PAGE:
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ACHONA Uncovers the Five Best Photographers at AHN
January 25, 2017
At almost every event or assembly, there is a student crouching on the ground or standing in front a group of girls with a camera in her hand. They pop up in front of people saying “Can I get a picture of you guys for ACHONA?” or “This is going in the yearbook” in order to get the shot. They take the time to capture the moments that embody Academy and memorialize sports events, productions, volunteering opportunities, and school events. They also like to take the time to outside of school to capture their favorite landscapes, portraits, and panoramas.
Grace Neal: captured with a Canon Rebel T5i
Neal first found an appreciation for high-quality pictures at the beginning of high school but lacked the resources to capture her aspirations. She did research online when choosing which camera would be the perfect fit. Starting this year, Neal used photography as the foundation for her paintings in her AP Studio class. She likes having her camera at arm’s length to capture any moment she finds intriguing.
Reilly Sleater: captured with a Nikon D3300
Reilly’s started taking pictures after receiving her first camera her sophomore year, sparking her inspiration from famous photographers she followed on Instagram. Every time she goes on a vacation, she has to pack her 3 different types of cameras, her Nikon, polaroid, and GoPro. Sleater tends to use her Vsco as an outlet to display her photographs and mostly uses the filters the app provides to edit her pictures.
“I’ve never been artistically inclined in a physical sense, like drawing or painting, so this allowed me to create my own little artistic outlet,” sais Sleater.
In the future, Sleater would love to be a freelance photographer to pursue her passion for a chance to capture higher quality pictures.
Keri Kelly: captured with a Canon Rebel T3
Kelly began her passion the first year of high school when she received a professional camera for Christmas and manifested even further when she wanted to take a photography course her freshman year. She mostly uses Photoshop to edit her pictures, posts her favorites on Vsco, and adjusts the composition beyond anything she imagined. Kelly explains that the key to a good picture is lighting and the time of day, but she keeps her camera by her side at all times.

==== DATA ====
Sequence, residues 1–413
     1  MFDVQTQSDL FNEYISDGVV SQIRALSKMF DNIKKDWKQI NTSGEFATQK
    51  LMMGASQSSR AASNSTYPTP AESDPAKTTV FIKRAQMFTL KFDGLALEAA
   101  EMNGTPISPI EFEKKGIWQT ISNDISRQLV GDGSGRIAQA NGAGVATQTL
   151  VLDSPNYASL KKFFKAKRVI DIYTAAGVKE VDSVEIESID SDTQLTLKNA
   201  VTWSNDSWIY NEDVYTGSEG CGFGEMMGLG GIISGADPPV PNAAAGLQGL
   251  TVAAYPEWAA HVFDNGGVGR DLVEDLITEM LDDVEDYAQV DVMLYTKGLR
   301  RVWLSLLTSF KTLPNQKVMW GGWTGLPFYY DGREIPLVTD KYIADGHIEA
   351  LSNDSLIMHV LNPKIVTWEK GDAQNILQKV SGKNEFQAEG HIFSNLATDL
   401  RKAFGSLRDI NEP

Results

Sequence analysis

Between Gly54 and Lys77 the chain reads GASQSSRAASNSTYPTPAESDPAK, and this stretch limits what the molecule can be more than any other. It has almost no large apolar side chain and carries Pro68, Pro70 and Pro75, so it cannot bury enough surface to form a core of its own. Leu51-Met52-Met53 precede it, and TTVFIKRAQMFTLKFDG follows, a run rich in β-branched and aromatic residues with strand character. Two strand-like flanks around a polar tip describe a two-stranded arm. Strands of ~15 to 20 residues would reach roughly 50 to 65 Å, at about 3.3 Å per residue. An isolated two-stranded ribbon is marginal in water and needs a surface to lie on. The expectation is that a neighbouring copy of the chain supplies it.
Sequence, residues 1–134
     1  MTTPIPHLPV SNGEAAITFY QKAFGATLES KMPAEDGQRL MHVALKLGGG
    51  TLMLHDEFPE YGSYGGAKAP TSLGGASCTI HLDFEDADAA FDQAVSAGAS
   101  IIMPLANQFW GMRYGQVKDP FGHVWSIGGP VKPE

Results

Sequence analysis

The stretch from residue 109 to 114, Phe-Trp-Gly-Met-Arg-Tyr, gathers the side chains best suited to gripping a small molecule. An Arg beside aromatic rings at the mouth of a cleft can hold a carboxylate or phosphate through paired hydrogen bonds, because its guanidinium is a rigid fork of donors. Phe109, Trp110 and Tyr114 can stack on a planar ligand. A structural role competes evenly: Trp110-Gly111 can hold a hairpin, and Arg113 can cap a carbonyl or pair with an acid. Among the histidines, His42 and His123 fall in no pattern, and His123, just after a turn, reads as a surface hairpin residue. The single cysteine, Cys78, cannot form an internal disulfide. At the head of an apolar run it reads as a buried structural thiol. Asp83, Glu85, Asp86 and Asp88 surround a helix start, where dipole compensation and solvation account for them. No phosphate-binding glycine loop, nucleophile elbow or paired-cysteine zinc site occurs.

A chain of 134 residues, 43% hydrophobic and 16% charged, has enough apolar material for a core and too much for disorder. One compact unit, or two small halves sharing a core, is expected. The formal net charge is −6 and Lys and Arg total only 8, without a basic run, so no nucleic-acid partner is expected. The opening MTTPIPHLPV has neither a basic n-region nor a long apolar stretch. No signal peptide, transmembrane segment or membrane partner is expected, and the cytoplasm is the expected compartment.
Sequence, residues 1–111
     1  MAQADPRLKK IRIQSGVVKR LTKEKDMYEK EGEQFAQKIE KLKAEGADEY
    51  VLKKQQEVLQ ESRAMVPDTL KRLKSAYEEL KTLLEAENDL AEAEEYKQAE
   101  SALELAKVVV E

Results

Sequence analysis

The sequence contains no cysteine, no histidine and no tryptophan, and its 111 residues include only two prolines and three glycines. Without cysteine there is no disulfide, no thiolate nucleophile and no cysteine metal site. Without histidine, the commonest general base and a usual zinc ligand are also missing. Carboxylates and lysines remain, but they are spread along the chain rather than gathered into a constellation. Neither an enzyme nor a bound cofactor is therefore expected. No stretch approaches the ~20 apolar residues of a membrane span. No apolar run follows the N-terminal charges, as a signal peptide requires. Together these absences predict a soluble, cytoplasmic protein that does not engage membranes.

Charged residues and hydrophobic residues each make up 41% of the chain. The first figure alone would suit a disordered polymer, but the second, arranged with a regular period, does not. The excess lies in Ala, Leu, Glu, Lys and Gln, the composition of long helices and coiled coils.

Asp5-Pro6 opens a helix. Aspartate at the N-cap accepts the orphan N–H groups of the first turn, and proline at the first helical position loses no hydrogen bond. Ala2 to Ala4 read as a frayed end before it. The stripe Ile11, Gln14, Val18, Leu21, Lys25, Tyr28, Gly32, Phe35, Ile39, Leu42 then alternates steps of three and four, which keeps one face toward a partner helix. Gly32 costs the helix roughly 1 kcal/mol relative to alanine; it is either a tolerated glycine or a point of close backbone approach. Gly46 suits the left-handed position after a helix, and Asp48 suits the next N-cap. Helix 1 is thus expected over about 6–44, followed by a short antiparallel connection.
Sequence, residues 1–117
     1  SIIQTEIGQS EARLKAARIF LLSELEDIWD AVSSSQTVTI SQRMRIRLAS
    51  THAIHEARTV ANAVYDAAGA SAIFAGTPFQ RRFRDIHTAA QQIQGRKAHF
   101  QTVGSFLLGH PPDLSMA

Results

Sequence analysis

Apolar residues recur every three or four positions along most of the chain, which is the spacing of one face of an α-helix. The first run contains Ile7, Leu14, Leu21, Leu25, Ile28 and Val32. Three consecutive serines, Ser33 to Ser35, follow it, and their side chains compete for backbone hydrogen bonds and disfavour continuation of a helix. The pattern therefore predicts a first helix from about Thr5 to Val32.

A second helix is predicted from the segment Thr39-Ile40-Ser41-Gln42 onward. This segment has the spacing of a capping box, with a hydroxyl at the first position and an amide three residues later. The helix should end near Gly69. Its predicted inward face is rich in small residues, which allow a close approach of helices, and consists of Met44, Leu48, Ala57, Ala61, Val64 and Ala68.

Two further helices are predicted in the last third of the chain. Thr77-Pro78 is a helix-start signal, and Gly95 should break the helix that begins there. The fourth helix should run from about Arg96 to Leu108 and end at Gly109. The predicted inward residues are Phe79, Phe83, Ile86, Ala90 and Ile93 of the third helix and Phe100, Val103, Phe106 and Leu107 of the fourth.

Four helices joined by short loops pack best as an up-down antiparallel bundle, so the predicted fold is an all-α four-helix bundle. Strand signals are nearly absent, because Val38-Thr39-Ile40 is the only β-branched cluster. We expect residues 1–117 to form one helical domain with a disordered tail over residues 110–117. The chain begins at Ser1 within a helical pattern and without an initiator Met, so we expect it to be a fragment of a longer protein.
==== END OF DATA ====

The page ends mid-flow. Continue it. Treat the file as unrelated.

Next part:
“From a young age, I was frustrated by how fleeting life is. There were always certain moments that I wanted to bottle up and live forever; my mom’s laugh, a beautiful sunset, some unique architecture. With photography I can do more than just capture them I can tell a story. I can make art,” said Kelly.
Françoise Corser: captured with a Canon EOS Rebel
Françoise, a junior and beginning photographer, has a knack for landscapes and panoramas. However, she hopes to branch out into portraits because of the emotion and feeling it conveys when capturing a person’s face and body. Unlike others, Corser does not edit her pictures, but simply alters the saturation, contrast, highlights, and shadows of the photo. Hoping to continue the powerful and artistic feeling she gets when behind a camera, she aims to possibly start a photography career in the future.
Rachel Tata: captured with a Nikon D5100
Rachel Tata, a senior and creator of her Disney photography account, started by taking pictures on her iPhone back in middle school. She has a love for Disneyworld and saw many Instagram accounts with beautiful, high-quality photos from the parks. Taking matters into her own hands, she borrowed her dad’s camera and started to shoot the rides, decorations, and architecture, eventually branching out to capturing moments with her family in Central Park, Cape Cod, and harbors around Rhode Island. Her pet peeve is when tourists walk in the middle of her shot just as she had found the perfect angle. Even though Tata is used to being in front of the camera, she enjoys being behind the camera to capture the adventures and beauty of Disney. Anyone can find Tata walking the streets of Dinsey with a camera hanging around her neck.
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